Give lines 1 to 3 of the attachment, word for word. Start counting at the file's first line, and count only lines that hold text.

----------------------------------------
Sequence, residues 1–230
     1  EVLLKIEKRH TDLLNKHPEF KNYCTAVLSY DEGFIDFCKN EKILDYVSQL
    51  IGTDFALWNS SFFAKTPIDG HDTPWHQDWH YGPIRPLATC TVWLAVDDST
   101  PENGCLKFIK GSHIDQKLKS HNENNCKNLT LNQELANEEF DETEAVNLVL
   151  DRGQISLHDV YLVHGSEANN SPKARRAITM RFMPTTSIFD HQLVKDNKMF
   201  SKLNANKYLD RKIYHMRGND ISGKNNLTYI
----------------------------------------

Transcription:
Sequence, residues 1–230
     1  EVLLKIEKRH TDLLNKHPEF KNYCTAVLSY DEGFIDFCKN EKILDYVSQL
    51  IGTDFALWNS SFFAKTPIDG HDTPWHQDWH YGPIRPLATC TVWLAVDDST